(A) 2-DG induced YAP 5SA mutant phosphorylation. HEK293A cells were transfected with indicated plasmids and treated with glucose-free medium supplemented with 2-DG for 4 hours. Cell lysates were subjected to western blotting. (B) In vitro kinase assay using purified AMPK kinase. SFB-AMPKα1 or its kinase-dead mutant (K47R) was co-expressed with Flag-AMPKβ2 or Flag-AMPKγ2 plasmid in 293T cells for 48 hours. AMPK complex was purified by S protein beads and subjected to the in vitrokinase assay, where GST-ACC (residues 1-130) (2 μg) was purified from bacterial and taken as the substrate. Reaction samples were subjected to western blotting with indicated antibodies to verify the AMPK-dependent phosphorylation of ACC. (C–D) Validation of YAP S61 phospho-antibody. YAP S61 phospho-antibody was used to detect AMPK-mediated YAP phosphorylation by the in vitro kinase assay (C). Short exp and long exp represent short exposure and long exposure respectively. YAP S61 antibody was also used to detect AMPK active truncation mutant-mediated YAP phosphorylation in vivo (D). AMPK kinase-dead mutant (K47R) and active AMPK truncation dead mutant (T172A) were used as negative controls for AMPK. YAP-S61A mutant was used as the control for wild-type YAP. (E) Sequence alignment of the AMPK phosphorylation sites in YAP from different species and other known AMPK substrates. Uncropped images of western blots are shown in Supplementary Fig. 7.
(A–B) AMPK did not noticeably affect LATS1 and MST1 activation. SFB tagged LATS1 (A) or MST1 (B) was co-expressed with active AMPK truncation mutant in 293T cells. Cell lysates were subjected to western blotting with indicated antibodies. (C) LATS1 kinase activation was observed in both wild-type and AMPK-deficient cells. Wild-type MEFs (WT) and AMPKα-knockout MEFs (AMPKα KO) were treated with 2-DG (25 mM) in glucose-free medium and rapamycin (50 nM) for 4 hours. Western blotting analysis was performed using indicated antibodies. Uncropped images of western blots are shown in Supplementary Fig. 7.
Supplementary Figure 5 AMPK-regulated YAP phosphorylation does not affect 14-3-3 binding or subcellular localization of YAP, but suppresses its transcriptional activity.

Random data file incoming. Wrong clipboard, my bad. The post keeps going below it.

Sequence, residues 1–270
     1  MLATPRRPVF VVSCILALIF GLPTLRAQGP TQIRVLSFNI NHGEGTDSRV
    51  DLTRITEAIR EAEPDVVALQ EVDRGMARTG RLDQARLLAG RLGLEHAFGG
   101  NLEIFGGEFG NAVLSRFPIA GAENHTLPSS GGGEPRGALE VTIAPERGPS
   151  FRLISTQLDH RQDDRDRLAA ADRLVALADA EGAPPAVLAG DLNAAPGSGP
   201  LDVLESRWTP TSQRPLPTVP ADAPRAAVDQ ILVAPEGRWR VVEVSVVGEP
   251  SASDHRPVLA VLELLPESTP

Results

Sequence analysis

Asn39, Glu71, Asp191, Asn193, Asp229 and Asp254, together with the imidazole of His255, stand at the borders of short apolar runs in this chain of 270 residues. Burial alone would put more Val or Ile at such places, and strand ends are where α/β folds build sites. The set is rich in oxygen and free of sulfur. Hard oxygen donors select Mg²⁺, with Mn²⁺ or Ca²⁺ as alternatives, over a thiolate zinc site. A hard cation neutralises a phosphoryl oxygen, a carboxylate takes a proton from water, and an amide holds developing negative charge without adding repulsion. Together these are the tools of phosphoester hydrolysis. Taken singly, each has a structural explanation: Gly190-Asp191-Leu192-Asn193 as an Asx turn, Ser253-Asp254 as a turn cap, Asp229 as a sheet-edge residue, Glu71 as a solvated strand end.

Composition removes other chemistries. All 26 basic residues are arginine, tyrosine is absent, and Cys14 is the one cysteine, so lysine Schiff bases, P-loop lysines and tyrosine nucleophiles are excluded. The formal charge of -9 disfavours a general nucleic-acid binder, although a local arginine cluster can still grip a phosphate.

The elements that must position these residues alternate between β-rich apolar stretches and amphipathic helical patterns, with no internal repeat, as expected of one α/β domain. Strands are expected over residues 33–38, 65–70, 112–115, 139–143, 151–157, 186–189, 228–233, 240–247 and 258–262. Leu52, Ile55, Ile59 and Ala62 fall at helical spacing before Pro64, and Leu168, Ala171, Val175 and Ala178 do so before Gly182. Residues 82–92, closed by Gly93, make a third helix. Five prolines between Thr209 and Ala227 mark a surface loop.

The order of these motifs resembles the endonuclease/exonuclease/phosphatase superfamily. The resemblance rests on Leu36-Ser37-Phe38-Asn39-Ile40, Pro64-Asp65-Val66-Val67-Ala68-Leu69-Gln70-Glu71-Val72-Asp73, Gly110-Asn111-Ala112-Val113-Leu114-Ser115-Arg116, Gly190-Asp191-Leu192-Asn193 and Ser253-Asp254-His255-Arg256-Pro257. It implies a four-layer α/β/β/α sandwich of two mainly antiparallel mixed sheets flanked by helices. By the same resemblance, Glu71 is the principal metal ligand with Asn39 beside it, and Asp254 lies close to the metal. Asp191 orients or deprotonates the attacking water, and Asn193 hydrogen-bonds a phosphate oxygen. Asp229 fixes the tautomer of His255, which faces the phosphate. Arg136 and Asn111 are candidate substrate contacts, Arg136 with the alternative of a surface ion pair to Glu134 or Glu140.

(A) Phosphorylation of YAP by AMPK did not affect the association of YAP with the 14-3-3 protein. Indicated plasmids were co-expressed in 293T cells. Cell lysates were used for pulldown assay with S protein beads and subjected to western blotting. (B–C) Phosphorylation of YAP on the S61 site was not required for the binding of YAP to 14-3-3 (B). The active AMPK truncation mutant did not increase the association between the YAP-4SA-61S mutant and 14-3-3 (C). (D) AMPK did not affect cellular localisation of YAP. HeLa cells with exogenously expressed active AMPK truncation were subjected to immunostaining with the GST and YAP antibodies. Nuclei were visualized by Dapi. Scale bar = 20μm. (E) S61 mutation did not affect YAP localisation. HeLa cells with exogenously expressed indicated YAP mutants were subjected to immunostaining with Flag antibody. Nuclei were visualised by Dapi. Scale bar = 20μm. (F) Phospho-mimetic mutation of the S94 site (S94D), but not the 61 site (S61D), interfered with YAP-TEAD binding. Indicated plasmids were co-expressed in 293T cells. Cells lysates were used for pulldown assay with S protein beads and subjected to western blotting. (G) Phospho-mimetic mutants of the S61 site (S61D) and the S94 site (S94D) suppressed the transcription of YAP downstream genes. The transcripts of YAP-regulated genes (CTGF and CYR61) were detected by quantitative PCR in indicated YAP stable cells and normalised (mean ± s.d, n = 3 biological replicates). ∗∗∗P < 0.001(Student t-test). Statistics source data are shown in Supplementary Table 2. Uncropped images of western blots are shown in Supplementary Fig. 7.
A conserved TEAD binding site was identified in the GLUT3 promoter region. ENCODE data showed that this site was occupied by TEAD transcription factor.
Supplementary Figure 7 A proposed model of YAP regulation by AMPK and Hippo pathway under energy stress.
YAP is phosphorylated and suppressed in response to energy stress. Both LATS kinase and AMPK are activated by energy stress and contribute to YAP inhibition via phosphorylating it on multiple sites. Energy stress induced-LATS kinase activation largely depends on the suppression of Rho GTPase and actin cytoskeleton dynamics, but it is also indirectly regulated by AMPK. With glucose is abundant, YAP translocates into nucleus and promotes glycolysis at least in part by upregulating GLUT3 at transcriptional level.
About this article
Cite this article
Wang, W., Xiao, Z., Li, X. et al. AMPK modulates Hippo pathway activity to regulate energy homeostasis. Nat Cell Biol 17, 490–499 (2015). https://doi.org/10.1038/ncb3113
Biological and Pharmaceutical Bulletin (2020)
The creatine–phosphagen system is mechanoresponsive in pancreatic adenocarcinoma and fuels invasion and metastasis
Nature Metabolism (2020)
Nature Reviews Drug Discovery (2019)
Frontiers in Bioengineering and Biotechnology (2019)
Journal of Cardiovascular Pharmacology and Therapeutics (2019)